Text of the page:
The History of RFID

October 17, 2007 at 2:34 pm | Posted in RFID | Leave a comment

I know it seems newfangled, but RFID technology is really quite old. The first use of RFID according to most sources was in World War II. Some credit the invention to the German Luftwaffe, who used actual plane maneuvers to change the way radio waves were transmitted in order to identify friend or foe. The British, however, refined the idea by building an active transmitter about the size of a suitcase and bolting it to the plane. They sent signals from ground towers to activate the transmitters, and could therefore identify friendly planes.

Several generations of RFID improvements have occurred since then. In the 1950’s and 60’s, scientists studied ways they could use RFID to remotely identify an object. At the same time, antitheft RFID systems were developed. These were one-bit systems, which were either on or off. They remained active until the item was purchased, and then were deactivated. These are commonly used in retail today.

In the 1970s, the US Department of Energy asked Los Alamos National Laboratory to develop a system for tracking nuclear materials. What they created was an early version of an RFID-enabled gate, which tracked trucks as they moved in and out of the facility. The Department of Agriculture also requested that Los Alamos adapt the technology to track livestock, and low-frequency tags on the ears of cows were the result

Since then, RFID has become very common, but few people recognize the technology when they are using it. It is present in automatic payment systems (such as those used at gas pumps) and on toll-ways and parking garages. An RFID device in the steering column of some cars will not allow the car to start unless it recognizes the correct code from the plastic housing around the key. Babies are tagged with RFID ankle bracelets in hospitals

In 1999 the Uniform Code Council, EAN International, Procter & Gamble and Gillette put up funding to establish the Auto-ID Center at the Massachusetts Institute of Technology. At the Auto-ID Center, scientists designed a different RFID strategy, in which they placed only a serial number on the tag to keep the price down, and therefore allow for wide-scale adoption of RFID in the supply chain. Data associated with the serial number on the tag was stored in a database accessible via the Internet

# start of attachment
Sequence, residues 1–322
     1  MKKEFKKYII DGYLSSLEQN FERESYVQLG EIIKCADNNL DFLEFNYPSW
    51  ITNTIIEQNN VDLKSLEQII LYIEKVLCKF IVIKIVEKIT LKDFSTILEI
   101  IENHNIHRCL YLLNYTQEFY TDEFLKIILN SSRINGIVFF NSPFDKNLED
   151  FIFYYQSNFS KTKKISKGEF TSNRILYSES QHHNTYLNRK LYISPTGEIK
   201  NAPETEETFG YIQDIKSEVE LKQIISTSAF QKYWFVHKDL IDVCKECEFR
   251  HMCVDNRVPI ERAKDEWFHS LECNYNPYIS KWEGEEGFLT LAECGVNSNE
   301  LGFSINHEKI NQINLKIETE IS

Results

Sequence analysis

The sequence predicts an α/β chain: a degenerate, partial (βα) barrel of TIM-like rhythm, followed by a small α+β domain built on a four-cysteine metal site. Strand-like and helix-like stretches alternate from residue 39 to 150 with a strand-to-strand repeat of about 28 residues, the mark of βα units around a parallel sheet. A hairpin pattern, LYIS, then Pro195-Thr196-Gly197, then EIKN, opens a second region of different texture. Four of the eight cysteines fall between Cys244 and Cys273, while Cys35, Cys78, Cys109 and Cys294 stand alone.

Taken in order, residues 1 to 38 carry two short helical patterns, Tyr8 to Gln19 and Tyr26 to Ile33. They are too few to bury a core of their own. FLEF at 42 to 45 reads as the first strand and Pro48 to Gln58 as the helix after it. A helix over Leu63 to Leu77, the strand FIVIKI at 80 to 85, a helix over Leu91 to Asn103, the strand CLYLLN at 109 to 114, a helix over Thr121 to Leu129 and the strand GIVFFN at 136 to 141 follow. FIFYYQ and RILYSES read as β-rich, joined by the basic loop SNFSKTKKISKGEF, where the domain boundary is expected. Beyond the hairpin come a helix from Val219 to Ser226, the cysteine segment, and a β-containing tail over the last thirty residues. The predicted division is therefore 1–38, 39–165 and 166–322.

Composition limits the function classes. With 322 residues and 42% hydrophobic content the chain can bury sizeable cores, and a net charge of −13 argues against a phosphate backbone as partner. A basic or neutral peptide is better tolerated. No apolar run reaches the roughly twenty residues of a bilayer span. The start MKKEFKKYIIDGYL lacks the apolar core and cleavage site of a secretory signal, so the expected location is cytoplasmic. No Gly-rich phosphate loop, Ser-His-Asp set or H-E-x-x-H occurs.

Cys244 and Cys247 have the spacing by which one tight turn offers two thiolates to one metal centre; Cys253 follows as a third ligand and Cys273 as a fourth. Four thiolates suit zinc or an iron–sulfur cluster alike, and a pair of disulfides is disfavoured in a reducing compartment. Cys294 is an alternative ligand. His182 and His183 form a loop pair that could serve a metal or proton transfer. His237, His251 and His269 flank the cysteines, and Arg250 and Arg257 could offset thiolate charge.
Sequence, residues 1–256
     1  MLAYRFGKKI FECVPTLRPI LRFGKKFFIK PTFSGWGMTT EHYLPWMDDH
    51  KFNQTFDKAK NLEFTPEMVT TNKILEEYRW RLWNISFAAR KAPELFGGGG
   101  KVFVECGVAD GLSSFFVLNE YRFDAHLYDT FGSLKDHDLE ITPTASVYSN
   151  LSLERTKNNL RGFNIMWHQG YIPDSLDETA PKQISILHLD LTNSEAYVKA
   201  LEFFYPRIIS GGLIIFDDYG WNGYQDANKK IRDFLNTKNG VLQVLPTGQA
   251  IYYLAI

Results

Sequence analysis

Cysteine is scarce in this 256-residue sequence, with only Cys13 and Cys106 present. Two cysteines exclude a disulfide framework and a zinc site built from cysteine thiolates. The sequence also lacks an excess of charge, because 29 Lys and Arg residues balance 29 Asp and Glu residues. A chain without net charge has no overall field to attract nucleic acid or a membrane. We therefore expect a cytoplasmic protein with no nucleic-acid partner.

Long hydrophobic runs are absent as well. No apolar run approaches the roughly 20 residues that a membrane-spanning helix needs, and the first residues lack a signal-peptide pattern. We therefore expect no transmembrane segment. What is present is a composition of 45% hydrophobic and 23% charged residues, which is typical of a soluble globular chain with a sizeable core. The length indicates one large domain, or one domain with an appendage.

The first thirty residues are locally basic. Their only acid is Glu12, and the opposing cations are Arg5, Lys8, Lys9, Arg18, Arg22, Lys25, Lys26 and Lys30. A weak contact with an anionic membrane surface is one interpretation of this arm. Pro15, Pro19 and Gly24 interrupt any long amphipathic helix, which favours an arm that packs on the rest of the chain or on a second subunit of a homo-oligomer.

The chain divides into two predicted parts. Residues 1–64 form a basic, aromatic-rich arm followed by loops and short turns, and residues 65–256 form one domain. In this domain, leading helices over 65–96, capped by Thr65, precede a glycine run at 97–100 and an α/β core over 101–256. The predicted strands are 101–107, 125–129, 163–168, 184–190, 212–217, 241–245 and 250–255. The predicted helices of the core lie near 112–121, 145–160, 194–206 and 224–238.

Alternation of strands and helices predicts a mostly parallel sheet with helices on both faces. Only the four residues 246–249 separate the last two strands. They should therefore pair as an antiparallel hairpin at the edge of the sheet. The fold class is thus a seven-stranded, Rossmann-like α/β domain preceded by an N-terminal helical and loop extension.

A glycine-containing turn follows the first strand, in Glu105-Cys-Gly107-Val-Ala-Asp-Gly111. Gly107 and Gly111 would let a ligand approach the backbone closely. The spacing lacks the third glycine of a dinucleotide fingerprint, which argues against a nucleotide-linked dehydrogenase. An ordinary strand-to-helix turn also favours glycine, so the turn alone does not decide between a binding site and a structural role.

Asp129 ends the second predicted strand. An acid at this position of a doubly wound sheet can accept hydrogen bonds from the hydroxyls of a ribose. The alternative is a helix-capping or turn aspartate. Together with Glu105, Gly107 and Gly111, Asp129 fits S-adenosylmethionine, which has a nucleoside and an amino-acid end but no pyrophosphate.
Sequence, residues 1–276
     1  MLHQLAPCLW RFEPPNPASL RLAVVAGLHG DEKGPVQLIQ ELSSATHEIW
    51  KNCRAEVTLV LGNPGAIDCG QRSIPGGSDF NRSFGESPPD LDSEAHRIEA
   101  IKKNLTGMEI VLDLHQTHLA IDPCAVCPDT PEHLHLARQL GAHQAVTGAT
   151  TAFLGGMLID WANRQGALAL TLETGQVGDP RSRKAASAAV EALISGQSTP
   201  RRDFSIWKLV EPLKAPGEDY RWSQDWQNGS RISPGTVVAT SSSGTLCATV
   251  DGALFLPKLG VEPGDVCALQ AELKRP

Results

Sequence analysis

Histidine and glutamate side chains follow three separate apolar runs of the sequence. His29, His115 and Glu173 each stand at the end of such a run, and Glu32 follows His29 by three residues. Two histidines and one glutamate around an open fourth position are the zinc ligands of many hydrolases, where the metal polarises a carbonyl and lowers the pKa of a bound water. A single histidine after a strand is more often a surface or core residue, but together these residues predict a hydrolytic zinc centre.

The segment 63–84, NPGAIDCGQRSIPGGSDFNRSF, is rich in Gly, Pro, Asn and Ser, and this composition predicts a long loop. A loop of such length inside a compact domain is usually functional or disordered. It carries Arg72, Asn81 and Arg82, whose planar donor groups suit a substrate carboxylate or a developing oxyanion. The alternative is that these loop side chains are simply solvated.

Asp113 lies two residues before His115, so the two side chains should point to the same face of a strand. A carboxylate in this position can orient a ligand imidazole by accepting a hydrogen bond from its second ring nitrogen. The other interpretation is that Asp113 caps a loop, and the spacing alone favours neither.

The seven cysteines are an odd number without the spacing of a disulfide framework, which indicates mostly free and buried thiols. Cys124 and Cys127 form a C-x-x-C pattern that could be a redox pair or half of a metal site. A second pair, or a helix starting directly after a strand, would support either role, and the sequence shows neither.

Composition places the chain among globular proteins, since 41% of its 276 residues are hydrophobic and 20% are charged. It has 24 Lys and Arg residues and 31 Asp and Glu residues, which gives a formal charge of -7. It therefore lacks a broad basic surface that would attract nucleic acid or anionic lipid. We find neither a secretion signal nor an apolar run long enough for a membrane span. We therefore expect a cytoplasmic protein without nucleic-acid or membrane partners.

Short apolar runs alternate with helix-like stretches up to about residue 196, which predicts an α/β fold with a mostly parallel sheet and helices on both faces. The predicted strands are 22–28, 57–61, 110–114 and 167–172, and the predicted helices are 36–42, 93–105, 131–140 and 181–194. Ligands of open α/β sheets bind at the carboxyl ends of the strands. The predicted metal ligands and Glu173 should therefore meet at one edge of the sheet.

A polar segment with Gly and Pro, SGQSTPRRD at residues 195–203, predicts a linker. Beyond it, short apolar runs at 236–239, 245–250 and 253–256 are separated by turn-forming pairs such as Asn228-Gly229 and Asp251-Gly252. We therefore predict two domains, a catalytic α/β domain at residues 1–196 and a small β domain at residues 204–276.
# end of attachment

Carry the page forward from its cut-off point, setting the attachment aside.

For businesses, this was an important change, because it made item-level and case-level tagging affordable, and added important logistical benefits. Using this Internet technology, the manufacturer could automatically let a business partner know when a shipment was leaving the dock at a manufacturing facility or warehouse, and a retailer could automatically let the manufacturer know when the goods arrived

Between 1999 and 2003, the Auto-ID Center grew, gained ground with 100 large end-user companies, and was able to work with the U.S. Department of Defense and many key RFID vendors. Auto-ID Center labs were opened around the world, and a series of global standards were developed. The technology was licensed to the Uniform Code Council in 2003, and the Uniform Code Council created EPCglobal, as a joint venture with EAN International, to commercialize EPC (electronic product code) technology. Some of the biggest retailers in the world — Albertsons, Metro, Target, Tesco, Wal-Mart — and the U.S. Department of Defense are using EPCglobal RFID tags to track goods in their supply chains. Many other industries, including the pharmaceutical and health care fields, have begun to adopt the technology for their own uses.

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